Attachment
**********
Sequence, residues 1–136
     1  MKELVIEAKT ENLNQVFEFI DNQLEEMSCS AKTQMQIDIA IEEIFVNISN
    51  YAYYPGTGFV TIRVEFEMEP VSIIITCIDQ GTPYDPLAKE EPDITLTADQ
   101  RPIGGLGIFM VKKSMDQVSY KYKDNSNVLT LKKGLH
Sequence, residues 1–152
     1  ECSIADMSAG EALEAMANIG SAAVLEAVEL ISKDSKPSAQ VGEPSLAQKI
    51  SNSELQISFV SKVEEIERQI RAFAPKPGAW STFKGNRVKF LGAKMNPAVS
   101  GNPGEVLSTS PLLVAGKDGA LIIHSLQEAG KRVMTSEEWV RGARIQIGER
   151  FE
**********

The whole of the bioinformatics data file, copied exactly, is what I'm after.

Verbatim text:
Sequence, residues 1–136
     1  MKELVIEAKT ENLNQVFEFI DNQLEEMSCS AKTQMQIDIA IEEIFVNISN
    51  YAYYPGTGFV TIRVEFEMEP VSIIITCIDQ GTPYDPLAKE EPDITLTADQ
   101  RPIGGLGIFM VKKSMDQVSY KYKDNSNVLT LKKGLH
Sequence, residues 1–152
     1  ECSIADMSAG EALEAMANIG SAAVLEAVEL ISKDSKPSAQ VGEPSLAQKI
    51  SNSELQISFV SKVEEIERQI RAFAPKPGAW STFKGNRVKF LGAKMNPAVS
   101  GNPGEVLSTS PLLVAGKDGA LIIHSLQEAG KRVMTSEEWV RGARIQIGER
   151  FE